Congress stalled on stimulus talks as millions face a ‘benefits cliff’


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“If we’re going to get another round of encouragement, I can’t imagine it won’t be involved,” said Michael Strain, director of economic policy studies at the right-leaning think tank American Enterprise Institute, a Subsidies of new weekly.

However, Strain said he feels “it is certain that we will get another round.”

No momentum symbol

Senate Majority Leader Mitch McConnell, R-Ky.

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It has been nine months since President Donald Trump signed the $ 2.2 trillion KRES Act, while the last piece of relief legislation passed by Congress has been signed.

Senate Leader Mitch McConnell, R-Ky., Said after the election a few weeks ago that a stimulus deal for the Senate is “job one”.

Job growth is slowing at a time when long-term unemployment is on the rise and state officials are imposing some trade restrictions to prevent growing coronovirus infections.

Luckily many areas across the country have far to go.

Mark hamrick

Senior Economic Analyst at Bankrate

But Democrats and Republicans appear firmly entrenched in their respective negotiating positions.

McConnell wants to pass a targeted bill with a total price tag near $ 500 billion, while House Speaker Nancy Pelosi is aiming for a comprehensive package north of about $ 2 trillion. President-Elect Joe Biden called on Congress to pass a bill before its inauguration in January and publicly sided with Democrats over the overall size of a package.

Spokespeople for Biden, McConnell and Pelosi did not request comment for this story.

“I don’t think there’s any sign of visible momentum,” said Mark Hamrick, a senior economic analyst at Bankrate. “This is an example after Lucy, who moved football before Charlie Brown kicked.”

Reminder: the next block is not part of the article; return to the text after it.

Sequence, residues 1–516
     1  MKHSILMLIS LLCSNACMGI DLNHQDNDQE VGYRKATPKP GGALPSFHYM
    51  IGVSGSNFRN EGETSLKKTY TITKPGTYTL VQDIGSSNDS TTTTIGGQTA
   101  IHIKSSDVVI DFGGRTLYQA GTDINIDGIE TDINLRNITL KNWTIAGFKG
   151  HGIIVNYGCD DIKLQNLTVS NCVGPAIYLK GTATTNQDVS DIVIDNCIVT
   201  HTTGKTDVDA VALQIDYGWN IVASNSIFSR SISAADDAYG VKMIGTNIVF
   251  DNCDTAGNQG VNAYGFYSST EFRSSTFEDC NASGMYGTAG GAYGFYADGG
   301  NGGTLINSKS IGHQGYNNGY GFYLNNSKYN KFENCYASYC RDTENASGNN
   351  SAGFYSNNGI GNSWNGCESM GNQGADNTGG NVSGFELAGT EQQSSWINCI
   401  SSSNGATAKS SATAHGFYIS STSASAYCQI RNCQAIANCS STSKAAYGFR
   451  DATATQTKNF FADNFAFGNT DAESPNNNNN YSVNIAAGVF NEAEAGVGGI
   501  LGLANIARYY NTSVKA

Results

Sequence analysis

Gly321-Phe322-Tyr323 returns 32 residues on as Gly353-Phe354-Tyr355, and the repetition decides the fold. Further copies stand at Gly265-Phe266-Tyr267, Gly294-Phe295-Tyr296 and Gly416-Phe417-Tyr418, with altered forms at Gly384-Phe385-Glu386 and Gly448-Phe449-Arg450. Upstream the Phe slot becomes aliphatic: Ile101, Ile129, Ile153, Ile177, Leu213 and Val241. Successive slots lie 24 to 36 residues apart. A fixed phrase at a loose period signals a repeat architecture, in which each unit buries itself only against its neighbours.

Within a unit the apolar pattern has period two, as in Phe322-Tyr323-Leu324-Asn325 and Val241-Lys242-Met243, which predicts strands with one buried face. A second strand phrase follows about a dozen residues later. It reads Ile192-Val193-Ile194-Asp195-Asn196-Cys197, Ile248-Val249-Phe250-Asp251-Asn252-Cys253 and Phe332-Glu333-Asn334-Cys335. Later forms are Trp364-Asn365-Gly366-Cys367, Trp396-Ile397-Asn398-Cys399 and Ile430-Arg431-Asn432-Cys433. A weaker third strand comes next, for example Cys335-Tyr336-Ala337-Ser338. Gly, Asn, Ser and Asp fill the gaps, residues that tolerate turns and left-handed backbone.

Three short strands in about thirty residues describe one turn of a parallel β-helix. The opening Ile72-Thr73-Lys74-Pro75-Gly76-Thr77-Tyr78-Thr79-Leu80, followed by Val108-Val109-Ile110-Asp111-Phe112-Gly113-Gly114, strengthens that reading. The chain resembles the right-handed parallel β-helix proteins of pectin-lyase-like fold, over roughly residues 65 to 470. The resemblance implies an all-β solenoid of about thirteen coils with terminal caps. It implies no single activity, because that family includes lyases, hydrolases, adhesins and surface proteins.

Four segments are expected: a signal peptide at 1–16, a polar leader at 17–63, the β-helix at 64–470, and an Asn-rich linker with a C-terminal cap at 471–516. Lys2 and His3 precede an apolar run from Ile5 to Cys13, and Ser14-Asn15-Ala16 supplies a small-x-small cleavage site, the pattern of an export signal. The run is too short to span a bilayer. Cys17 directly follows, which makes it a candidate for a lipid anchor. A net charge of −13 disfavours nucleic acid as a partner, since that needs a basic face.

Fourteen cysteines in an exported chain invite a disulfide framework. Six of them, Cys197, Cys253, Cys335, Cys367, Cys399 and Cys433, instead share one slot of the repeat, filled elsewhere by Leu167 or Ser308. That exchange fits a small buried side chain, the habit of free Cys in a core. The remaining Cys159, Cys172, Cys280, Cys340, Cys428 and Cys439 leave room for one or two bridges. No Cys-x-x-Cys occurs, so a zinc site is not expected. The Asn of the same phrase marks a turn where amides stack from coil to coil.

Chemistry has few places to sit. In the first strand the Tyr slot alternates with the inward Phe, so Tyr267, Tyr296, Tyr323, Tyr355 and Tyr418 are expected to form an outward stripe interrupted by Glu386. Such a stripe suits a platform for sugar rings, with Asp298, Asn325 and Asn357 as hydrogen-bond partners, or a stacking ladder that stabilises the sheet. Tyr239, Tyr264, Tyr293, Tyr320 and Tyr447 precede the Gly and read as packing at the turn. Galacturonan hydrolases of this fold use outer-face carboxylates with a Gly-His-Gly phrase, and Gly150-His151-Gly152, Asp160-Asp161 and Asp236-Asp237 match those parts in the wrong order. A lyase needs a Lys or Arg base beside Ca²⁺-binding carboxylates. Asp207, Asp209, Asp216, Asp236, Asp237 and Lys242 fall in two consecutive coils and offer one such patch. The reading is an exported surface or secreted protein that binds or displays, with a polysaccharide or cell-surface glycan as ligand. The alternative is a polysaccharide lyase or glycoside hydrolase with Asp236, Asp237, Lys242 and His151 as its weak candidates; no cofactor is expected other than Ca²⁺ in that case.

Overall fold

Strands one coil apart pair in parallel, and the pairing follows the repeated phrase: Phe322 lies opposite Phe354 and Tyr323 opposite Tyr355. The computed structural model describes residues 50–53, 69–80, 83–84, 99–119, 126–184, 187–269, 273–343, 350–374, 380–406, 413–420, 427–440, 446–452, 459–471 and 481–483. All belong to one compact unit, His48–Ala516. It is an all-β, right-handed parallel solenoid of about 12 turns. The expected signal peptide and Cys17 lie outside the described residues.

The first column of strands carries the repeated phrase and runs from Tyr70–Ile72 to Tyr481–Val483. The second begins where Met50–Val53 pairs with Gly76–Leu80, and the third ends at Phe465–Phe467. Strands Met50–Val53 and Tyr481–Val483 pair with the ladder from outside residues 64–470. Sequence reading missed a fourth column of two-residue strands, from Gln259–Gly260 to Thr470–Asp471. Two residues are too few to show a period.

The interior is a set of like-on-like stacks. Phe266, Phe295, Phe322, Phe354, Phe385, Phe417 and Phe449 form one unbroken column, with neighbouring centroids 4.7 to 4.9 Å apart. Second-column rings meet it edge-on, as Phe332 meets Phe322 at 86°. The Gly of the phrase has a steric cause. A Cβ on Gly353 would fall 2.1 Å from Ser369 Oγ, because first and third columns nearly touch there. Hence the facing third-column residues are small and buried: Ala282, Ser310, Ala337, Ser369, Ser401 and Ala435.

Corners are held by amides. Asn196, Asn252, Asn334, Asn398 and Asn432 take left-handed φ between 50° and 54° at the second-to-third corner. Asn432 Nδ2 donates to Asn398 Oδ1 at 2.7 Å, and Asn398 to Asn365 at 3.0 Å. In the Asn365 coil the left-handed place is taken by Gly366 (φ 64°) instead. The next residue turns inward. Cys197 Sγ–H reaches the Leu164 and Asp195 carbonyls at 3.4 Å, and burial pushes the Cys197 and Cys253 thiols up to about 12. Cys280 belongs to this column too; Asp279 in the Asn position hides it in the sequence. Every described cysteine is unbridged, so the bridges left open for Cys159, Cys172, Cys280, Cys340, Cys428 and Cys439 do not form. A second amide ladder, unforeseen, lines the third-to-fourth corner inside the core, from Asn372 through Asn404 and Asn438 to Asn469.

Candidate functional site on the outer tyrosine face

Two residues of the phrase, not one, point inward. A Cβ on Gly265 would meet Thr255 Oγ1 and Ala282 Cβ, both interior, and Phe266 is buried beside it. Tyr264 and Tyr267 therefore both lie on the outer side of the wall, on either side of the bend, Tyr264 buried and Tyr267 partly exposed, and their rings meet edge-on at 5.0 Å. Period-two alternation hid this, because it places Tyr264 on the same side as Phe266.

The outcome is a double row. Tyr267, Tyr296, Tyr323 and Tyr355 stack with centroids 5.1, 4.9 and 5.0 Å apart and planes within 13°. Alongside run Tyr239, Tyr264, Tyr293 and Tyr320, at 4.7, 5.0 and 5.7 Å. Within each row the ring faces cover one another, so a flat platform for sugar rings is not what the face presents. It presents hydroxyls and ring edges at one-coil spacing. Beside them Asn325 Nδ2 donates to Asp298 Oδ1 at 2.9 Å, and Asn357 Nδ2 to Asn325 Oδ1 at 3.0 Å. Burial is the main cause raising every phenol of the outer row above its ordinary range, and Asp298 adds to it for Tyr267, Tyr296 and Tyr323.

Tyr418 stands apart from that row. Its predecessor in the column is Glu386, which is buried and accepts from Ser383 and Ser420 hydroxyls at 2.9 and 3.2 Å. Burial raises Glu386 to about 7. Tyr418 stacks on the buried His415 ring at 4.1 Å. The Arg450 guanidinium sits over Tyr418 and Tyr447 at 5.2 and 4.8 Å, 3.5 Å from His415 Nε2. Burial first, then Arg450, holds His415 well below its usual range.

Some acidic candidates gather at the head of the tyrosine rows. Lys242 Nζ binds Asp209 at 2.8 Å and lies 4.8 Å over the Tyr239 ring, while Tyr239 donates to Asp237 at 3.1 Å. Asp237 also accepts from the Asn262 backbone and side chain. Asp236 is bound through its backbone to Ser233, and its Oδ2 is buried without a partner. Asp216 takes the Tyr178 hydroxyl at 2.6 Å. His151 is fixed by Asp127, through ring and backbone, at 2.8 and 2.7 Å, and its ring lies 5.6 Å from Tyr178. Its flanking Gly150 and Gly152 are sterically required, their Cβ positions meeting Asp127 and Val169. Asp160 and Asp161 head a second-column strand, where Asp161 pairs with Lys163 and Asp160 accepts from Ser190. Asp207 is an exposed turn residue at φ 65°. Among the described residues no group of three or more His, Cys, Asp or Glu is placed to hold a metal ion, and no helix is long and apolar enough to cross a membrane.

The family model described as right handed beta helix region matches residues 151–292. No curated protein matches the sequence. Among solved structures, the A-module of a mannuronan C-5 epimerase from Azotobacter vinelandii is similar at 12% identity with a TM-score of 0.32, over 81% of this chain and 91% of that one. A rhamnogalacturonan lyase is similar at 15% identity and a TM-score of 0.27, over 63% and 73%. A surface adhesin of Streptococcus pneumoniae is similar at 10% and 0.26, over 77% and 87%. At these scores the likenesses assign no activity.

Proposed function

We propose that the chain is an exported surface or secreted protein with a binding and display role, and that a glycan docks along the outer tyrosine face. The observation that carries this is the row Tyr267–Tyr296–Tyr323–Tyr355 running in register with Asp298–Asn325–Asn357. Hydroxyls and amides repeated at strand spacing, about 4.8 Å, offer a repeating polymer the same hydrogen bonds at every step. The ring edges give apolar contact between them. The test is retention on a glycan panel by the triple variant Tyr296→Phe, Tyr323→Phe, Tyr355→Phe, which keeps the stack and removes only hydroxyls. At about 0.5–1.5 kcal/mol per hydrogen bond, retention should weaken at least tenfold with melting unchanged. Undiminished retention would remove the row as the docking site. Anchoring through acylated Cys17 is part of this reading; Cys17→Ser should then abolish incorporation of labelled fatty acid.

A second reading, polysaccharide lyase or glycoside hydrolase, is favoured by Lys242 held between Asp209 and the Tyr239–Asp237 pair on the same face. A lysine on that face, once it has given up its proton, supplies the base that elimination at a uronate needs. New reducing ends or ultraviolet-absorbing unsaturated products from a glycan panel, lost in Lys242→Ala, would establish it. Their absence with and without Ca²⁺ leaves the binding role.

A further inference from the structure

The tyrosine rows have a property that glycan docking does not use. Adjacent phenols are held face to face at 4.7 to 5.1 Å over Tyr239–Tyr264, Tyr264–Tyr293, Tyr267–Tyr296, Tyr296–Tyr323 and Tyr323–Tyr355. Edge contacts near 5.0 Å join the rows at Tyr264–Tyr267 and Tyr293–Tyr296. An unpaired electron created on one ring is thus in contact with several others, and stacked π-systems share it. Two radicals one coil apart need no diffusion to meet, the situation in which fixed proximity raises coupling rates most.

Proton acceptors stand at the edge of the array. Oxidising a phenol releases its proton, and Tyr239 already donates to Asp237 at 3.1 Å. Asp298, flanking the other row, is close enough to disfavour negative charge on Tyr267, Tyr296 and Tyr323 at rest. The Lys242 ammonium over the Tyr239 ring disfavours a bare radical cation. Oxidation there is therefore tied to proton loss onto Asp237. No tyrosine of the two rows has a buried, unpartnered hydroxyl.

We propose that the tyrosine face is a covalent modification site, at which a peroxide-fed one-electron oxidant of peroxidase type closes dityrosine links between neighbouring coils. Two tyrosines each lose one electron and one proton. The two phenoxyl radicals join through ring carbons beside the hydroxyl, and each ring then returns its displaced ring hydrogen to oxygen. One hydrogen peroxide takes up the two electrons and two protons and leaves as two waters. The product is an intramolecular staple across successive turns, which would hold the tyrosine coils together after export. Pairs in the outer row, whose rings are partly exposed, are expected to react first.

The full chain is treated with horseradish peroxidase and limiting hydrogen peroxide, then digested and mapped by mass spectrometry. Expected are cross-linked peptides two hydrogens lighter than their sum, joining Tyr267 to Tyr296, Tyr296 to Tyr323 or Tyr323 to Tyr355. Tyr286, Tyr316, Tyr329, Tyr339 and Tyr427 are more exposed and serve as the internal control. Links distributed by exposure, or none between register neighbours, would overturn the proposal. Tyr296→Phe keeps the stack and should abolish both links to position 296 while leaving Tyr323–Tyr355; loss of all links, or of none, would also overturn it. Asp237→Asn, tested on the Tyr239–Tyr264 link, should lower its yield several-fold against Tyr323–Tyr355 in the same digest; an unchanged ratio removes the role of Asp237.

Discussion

House Speaker Nancy Pelosi, D-California.

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Some are hoping that the relief measures are linked to a spending bill that should be passed by Congress by 11 December so the government can shut down.

“Most likely to move is the budget [legislation], “Said Andrew Stattner, a senior fellow at the Century Foundation and a progressive think tank.

$ 600 boosts unemployment

In the absence of a federal increase, unemployment benefits typically replace about half of workers’ lost wages, up to the dollar cap, which varies by state.

According to the Labor Department, states paid $ 318 a week (about $ 1,300 per month) in unemployment benefits to the average person in October. Some get very little.

“Luckily many areas across the country have far to go,” Hamrick said.

Strain said a reforming economy could change that dynamic, however, and could lead to such subsidies to create a disinfectant to work among the unemployed. He said Republicans are more likely to approve a weekly increase in the range of $ 250 to $ 400.

This would be in line with prior policies of the Trump White House.

The president gave a $ 300 weekly boost through Lost Wages Assistance, an executive program created in early August. Using federal disaster-relief funds paid up to six weeks of benefits, although hundreds of thousands (roughly the lowest-income ones) were ineligible. Treasury Secretary Steven Menuchin offered a $ 400-a-week agreement during subsequent negotiations in October.

According to Hamrick, $ 400 is likely to be the minimum asking for Democrats, who have supported a second $ 600 weekly increase in any new relief package.

“The agreement may take a number of different paths,” he said. “Unfortunately for the economy and political world, we are like an epidemic purifier.”



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